Massachusetts-based 6-4 shooting guard Bruce Brown --- who picked UM over Indiana, UConn, Texas, Georgia and others --- is rated 30th by ESPN, 49th by Rivals.
Here’s how ESPN recruiting analysts assessed them:
ESPN’s Reggie Rankin, on Huell: “Huell is a true power forward possessing excellent size and skill along with terrific athleticism. He runs the floor extremely well where he does a great job of beating opposing front line players down the floor for easy baskets.
"He can post-up on either side of the lane and loves to score over his left shoulder. He faces up to about 18 feet and is very good knocking down the baseline short corner jumper or attacking with a short, straight line drive. Huell does a good job on the glass as well.
“The Hurricanes lose a pair of front court players in center Tonye Jekiri and power forward Ivan Cruz Uceda so the minutes will be available for Huell to team up with center Ebuka Izundu and fellow freshmen big Rodney Miller to form a rock solid future front court for Miami.”
ESPN’s Adam Finkelstein on Brown: “He’s a college-ready defender who can both contain high-level scorers and also harass the ball. While he was mostly just an athlete early in his career, Brown’s skill set has evolved at a consistent rate over the course of the last three years.
"His best offense still comes off the bounce, but he’s actually become a good post-up guard as well and developed himself into a solid secondary ball-handler and capable shooter who has to be respected both off the catch and dribble. He’s also uniquely qualified to make an immediate impact, even in the ACC. He’s a year older than most high school seniors and has extensive experience playing against the highest levels of competition with three years in both the New England prep ranks as well as the Nike EYBL…. There is substantial opportunity for Brown to play right away, potentially both on and off the ball.”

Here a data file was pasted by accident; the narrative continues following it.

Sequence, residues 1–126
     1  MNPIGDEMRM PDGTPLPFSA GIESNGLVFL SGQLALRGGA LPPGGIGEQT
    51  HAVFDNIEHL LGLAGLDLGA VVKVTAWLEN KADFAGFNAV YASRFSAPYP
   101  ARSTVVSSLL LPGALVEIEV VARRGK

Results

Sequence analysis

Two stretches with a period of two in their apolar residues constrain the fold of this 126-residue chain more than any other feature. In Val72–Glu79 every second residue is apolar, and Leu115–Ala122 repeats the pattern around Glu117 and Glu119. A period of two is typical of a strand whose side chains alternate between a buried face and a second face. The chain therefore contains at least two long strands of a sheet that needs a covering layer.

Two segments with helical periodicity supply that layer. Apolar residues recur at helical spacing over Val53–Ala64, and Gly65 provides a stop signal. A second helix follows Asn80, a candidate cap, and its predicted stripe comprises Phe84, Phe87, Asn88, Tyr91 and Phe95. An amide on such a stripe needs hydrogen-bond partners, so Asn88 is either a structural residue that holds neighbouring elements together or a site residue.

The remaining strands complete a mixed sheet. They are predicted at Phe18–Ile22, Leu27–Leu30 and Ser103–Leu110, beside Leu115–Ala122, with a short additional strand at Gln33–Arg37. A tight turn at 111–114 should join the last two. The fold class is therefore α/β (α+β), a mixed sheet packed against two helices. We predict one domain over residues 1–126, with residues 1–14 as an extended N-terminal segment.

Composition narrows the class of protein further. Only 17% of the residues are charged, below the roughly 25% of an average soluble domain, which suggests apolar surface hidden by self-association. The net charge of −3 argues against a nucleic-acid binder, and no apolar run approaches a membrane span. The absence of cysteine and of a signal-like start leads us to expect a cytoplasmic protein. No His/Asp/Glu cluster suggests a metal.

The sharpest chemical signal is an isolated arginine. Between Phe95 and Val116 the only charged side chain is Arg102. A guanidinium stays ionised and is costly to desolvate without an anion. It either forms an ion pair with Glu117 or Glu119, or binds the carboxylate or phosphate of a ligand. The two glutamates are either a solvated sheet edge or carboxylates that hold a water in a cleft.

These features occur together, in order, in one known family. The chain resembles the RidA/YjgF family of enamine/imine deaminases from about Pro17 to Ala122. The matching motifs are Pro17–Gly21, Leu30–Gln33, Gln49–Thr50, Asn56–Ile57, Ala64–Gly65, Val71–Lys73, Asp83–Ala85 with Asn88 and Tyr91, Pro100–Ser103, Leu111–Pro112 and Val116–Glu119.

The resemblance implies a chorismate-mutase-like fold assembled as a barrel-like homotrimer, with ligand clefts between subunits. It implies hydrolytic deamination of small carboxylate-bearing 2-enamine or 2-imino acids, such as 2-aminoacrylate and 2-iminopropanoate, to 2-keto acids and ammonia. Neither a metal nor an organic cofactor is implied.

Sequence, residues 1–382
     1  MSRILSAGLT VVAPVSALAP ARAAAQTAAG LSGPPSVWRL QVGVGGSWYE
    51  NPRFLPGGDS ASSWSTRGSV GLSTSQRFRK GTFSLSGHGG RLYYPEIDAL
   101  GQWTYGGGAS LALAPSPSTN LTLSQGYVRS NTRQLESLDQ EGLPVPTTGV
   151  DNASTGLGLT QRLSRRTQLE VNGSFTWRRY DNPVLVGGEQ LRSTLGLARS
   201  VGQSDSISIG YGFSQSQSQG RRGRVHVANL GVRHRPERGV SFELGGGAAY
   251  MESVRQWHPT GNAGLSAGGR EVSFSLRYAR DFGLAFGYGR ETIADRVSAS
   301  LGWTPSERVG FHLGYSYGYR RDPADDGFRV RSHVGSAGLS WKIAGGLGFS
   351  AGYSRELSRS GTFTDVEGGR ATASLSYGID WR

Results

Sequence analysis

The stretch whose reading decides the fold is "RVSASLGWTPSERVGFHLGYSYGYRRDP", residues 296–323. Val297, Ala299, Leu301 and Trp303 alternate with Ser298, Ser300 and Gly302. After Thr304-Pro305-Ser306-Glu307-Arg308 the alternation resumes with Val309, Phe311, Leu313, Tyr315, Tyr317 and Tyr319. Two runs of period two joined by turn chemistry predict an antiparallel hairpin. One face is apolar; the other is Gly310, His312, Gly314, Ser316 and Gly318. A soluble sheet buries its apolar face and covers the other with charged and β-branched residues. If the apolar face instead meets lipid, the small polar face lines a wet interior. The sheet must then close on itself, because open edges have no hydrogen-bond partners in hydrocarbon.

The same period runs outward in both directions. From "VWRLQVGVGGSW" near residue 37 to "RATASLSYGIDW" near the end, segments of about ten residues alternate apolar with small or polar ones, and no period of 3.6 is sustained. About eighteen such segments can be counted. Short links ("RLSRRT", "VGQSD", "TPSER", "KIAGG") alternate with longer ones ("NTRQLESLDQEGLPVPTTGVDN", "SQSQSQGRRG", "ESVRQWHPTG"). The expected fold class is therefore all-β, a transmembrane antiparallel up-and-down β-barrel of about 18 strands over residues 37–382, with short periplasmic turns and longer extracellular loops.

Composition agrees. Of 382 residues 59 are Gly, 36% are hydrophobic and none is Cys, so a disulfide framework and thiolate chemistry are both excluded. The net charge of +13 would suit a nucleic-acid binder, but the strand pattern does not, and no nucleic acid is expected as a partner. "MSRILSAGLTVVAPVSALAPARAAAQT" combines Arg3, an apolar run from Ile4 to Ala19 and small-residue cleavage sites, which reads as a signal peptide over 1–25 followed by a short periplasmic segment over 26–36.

Finkelstein said Brown “has some similarities to current Celtics guard and former Texas product Avery Bradley at a similar stage. Like Bradley, Brown is a lockdown defender with a high motor.”
### UM’s 2016 class also includes the aforementioned Miller, a 6-11 Virginia-based center who’s rated 114th by rivals.com. He picked Miami over UF, Georgia Tech, Virginia and others.
UM, which has two more 2016 scholarships, has a fourth player who will be eligible next season: shooting guard Rashad Muhammad, the leading scorer last season on a San Jose State team that went winless against every Division 1 team it played.